“Dear Ms. Green:
In September, you’ll turn 63, an age when many life insurance companies will begin to look at you differently. From now on, when you need financial protection for your family, you may find the health questions will be a lot tougher… Getting accepted a lot more difficult … the coverage offered to you of lesser quality… In fact, rates are already set to go higher for you the moment you turn 63 in September. That’s only days from now. Time may be running out on good life insurance offers available to you.”
OMG. Time is running out? Rates will go higher THE MOMENT I turn 63?
I didn’t feel so “fabulous” as I read this unsolicited letter that arrived in the mail yesterday. I wasn’t looking forward to turning 63 … but I wasn’t dreading it either. In fact, I didn’t think there was anything especially problematic about that age. I had a hard time when I turned 60 … and was looking ahead to the probability of having a hard time at 65 … and an even worse time at 70. But 63?
I needed some perspective, so I googled famous people who are 63 in an effort to feel better about myself. The good news is that the list of famous 63 year-olds who are still alive is longer than the list of those who checked out at that age. Among the women, there’s Twiggy, Morgan Fairchild, Victoria Principal, Bonnie Raitt, Natalie Cole, Sigourney Weaver and Cybill Shepherd – all of them looking pretty good and doing fine as far as I can tell. On the male side, there’s Richard Gere, Bruce Springsteen, Richard Branson, and Gene Simmons. Gene looks a little worse for the wear, but the others are looking pretty good and hanging in there, right?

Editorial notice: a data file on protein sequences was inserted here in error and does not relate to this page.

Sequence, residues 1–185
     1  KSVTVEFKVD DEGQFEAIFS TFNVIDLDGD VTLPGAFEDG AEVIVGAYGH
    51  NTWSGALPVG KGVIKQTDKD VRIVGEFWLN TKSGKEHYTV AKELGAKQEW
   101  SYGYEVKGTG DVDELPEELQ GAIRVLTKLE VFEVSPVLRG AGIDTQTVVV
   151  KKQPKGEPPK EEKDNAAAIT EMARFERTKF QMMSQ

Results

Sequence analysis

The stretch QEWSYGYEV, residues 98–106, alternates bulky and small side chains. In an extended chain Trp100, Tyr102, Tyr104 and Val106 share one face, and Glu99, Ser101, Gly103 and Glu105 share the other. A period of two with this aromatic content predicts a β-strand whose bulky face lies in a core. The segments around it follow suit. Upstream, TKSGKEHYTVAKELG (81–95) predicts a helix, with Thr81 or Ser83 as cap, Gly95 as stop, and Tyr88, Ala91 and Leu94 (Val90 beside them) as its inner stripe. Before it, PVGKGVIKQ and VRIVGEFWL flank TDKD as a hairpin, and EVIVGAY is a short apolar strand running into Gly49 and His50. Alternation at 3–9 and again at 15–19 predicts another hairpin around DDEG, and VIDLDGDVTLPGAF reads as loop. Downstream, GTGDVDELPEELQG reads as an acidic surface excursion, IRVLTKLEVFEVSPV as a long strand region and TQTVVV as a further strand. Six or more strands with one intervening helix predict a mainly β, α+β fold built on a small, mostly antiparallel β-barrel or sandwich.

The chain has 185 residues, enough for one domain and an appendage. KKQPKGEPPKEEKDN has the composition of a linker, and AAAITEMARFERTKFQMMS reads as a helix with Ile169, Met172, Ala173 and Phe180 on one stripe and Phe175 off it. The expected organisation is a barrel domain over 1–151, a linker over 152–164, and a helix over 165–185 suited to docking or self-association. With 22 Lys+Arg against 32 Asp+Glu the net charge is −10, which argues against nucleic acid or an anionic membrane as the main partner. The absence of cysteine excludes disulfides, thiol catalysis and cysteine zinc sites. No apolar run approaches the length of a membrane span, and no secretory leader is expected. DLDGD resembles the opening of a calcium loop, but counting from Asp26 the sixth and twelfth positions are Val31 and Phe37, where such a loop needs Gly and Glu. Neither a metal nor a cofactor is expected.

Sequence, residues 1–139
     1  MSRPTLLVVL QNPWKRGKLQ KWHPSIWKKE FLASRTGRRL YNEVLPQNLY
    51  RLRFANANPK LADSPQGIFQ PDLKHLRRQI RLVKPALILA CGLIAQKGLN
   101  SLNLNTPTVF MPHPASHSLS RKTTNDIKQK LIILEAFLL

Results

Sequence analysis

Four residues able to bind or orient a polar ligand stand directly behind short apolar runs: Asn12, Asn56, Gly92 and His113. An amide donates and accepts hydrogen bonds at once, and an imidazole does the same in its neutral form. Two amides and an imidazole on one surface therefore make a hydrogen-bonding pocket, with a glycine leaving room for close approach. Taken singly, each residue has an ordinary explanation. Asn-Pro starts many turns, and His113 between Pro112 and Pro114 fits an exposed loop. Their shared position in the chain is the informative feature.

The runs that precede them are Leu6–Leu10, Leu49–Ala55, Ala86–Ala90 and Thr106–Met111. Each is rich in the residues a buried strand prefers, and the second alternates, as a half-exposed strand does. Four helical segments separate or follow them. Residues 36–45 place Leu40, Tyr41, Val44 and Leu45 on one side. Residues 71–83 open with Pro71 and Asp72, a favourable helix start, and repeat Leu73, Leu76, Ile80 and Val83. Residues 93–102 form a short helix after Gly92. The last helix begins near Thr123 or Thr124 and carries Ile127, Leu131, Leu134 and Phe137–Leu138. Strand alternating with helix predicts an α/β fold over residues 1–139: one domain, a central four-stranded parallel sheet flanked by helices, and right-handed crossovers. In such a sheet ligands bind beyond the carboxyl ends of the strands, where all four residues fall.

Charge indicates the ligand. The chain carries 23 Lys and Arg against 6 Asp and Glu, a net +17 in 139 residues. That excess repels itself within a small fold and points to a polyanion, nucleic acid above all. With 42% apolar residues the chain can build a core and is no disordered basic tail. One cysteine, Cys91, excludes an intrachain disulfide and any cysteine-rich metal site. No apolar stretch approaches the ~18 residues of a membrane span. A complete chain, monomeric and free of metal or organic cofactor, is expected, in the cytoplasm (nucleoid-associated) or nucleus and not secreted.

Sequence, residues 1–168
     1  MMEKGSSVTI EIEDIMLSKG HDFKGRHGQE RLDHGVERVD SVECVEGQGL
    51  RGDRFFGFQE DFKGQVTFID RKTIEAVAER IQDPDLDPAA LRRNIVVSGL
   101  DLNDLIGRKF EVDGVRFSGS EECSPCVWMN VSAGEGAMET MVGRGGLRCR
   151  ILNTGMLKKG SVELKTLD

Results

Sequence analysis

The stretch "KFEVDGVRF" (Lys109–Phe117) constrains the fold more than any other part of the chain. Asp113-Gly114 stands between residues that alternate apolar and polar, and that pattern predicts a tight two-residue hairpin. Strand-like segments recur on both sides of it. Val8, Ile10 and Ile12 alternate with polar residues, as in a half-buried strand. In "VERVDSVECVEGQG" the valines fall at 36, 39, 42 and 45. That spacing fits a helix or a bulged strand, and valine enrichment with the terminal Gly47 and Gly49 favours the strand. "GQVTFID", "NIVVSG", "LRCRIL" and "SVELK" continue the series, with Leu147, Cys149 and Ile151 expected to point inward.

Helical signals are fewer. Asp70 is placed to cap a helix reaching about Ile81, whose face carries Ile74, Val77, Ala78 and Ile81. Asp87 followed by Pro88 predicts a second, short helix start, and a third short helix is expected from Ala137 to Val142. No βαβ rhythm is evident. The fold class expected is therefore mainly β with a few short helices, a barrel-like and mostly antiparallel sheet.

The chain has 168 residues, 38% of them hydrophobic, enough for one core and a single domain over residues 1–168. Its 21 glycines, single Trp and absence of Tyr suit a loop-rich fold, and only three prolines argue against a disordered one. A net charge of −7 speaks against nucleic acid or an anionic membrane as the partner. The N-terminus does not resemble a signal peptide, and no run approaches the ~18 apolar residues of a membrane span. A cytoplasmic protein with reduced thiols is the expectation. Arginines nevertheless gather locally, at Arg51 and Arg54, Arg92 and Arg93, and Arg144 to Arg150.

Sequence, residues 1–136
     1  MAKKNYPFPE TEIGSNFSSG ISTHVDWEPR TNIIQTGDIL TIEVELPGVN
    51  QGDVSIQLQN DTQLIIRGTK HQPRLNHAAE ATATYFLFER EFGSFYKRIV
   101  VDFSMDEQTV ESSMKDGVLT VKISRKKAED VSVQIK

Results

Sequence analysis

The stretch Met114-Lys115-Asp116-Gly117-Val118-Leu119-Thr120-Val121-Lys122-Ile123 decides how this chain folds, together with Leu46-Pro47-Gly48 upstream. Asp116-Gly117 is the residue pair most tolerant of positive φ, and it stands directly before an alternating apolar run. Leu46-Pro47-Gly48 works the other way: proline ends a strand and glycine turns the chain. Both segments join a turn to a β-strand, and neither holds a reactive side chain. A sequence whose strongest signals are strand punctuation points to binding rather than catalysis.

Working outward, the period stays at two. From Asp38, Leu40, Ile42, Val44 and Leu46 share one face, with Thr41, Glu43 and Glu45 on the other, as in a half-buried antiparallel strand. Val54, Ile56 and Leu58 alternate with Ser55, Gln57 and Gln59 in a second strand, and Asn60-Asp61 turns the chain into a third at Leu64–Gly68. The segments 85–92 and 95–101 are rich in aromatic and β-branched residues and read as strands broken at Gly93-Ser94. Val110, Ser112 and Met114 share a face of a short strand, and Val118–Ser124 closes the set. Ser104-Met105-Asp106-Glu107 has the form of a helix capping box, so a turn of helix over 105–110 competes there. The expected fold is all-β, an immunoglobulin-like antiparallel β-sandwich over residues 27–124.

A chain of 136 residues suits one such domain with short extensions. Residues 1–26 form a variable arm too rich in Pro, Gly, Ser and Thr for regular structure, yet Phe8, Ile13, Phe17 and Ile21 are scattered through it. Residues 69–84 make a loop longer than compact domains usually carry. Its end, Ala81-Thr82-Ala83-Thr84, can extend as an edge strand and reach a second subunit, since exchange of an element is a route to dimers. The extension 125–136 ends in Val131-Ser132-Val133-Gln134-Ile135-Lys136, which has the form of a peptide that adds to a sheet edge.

Just for fun (and because I was pissed off at the life insurance company for making me feel old) I googled life expectancy in the US. What I learned is that just by making it to age 50, I have given myself a couple more possible years. Here are the numbers from the web site of the Social Security Administration:
So, it looks like I have a shot at living another 18.5 years beyond this birthday. The downside is that if I make it, I’ll have to deal with turning 75 and 80. Hopefully, no one will care by then about surprising me with birthday parties.
The thought of living to 81, however, made me think that it actually might be worthwhile to lose some weight and get a face lift. I’ll just skip the insurance and apply the money I would have spent on premiums to a personal trainer and a plastic surgeon instead.